- Apr 24, 2006
- Charlotte, NC
- Real Name
- Matt Hough
A warm, amiable domestic comedy-drama of quiet merit and notable good intentions, Tom McCarthy’s Win Win scores a win for itself. While possessing neither distinctive cinematic touches nor much in the way of an innovative story, Win Win makes the most of its attributes: an excellent cast including an appealing newcomer, a familiar story that doesn’t bask in its sentimentality, and a sports angle to the story that for once isn’t exploitive or hackneyed and predictable. This drowsy little sleeper of a movie contains a winning formula for adult viewing.
Win Win (Blu-ray)
Directed by Tom McCarthy
Studio: 20th Century Fox
Aspect Ratio: 1.85:1 1080p AVC codec
Running Time: 106 minutes
Audio: DTS-HD Master Audio 5.1 English; Dolby Digital 5.1 French, Spanish
Subtitles: SDH, Spanish
MSRP: $ 39.99
Release Date: August 23 , 2011
Review Date: August 23, 2011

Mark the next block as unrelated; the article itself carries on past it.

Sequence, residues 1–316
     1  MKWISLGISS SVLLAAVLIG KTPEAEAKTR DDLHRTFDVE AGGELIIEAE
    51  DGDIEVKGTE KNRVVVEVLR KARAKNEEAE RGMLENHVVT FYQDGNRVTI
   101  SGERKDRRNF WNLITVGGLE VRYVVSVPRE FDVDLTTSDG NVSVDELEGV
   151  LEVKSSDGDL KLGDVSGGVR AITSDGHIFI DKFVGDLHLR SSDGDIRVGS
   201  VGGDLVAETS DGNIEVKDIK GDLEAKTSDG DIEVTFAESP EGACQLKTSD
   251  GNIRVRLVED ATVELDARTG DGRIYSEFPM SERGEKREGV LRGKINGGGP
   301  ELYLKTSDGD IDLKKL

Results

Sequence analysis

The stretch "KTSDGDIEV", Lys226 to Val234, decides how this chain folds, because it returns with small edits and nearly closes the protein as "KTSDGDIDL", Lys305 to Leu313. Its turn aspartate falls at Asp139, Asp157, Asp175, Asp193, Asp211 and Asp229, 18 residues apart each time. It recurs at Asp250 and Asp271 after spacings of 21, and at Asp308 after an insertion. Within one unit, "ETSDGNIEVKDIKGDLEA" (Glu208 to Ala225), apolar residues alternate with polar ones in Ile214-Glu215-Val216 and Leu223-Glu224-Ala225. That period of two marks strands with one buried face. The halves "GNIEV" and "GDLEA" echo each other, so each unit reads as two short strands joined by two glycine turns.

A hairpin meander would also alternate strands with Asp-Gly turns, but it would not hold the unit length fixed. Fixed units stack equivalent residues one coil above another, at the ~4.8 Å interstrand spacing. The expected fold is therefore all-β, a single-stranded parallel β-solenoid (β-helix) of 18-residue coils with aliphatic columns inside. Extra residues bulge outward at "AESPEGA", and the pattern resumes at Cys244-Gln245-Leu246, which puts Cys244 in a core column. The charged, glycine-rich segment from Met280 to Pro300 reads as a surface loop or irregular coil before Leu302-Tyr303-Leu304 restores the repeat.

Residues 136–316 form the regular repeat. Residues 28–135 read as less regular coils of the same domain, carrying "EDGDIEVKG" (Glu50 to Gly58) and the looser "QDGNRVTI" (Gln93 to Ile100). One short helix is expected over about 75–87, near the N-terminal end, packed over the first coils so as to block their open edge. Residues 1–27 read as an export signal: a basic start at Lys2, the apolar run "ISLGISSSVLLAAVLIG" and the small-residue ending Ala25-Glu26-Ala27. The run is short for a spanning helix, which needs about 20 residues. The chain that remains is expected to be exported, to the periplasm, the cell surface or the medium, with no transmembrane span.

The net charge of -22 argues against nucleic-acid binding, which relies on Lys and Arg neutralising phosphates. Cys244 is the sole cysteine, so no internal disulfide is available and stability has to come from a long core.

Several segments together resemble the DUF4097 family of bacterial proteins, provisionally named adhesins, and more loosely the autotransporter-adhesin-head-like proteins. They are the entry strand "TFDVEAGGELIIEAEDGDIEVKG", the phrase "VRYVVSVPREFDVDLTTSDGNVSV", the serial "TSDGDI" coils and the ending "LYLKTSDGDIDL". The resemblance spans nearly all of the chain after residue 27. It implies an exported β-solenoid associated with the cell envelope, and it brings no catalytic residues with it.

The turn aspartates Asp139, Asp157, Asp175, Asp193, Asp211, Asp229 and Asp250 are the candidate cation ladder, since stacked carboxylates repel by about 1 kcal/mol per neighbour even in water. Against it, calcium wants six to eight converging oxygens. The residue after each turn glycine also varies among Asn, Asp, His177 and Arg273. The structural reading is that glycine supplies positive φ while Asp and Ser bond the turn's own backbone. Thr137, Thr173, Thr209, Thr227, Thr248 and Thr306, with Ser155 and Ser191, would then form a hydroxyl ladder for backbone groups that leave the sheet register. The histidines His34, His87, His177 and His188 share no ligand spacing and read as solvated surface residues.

Struggling to make ends meet with his failing legal business, attorney and part time high school wrestling coach Mike Flaherty (Paul Giamatti) assumes guardianship (in a questionable legal action) of sweet but bordering-on-dementia client Leo Poplar (Burt Young). The $1,500 a month he gets for his service will help him pay many overdue bills at work and home. But into his life comes on-the-run teen Kyle (Alex Shaffer) who’s left his Ohio home to come to New Jersey in the hopes of living with his grandfather Leo. Since Mike has put Leo in an assisted living facility, Kyle must come to live with the Flahertys. Mike’s wife Jackie (Amy Ryan) is suspicious when they can’t reach Kyle’s mother (Melanie Lynskey) to inform her of his living situation, but Kyle eventually informs them she’s once again in rehab with no interest in raising him or caring for her father. As Kyle sees what it’s like to live with a loving, supportive family, he blossoms going back to school and beginning his wrestling career again, something he had left behind in trying to cope with his impossible situation at home. But just as things begin falling into place, his mom arrives looking for her son and her father.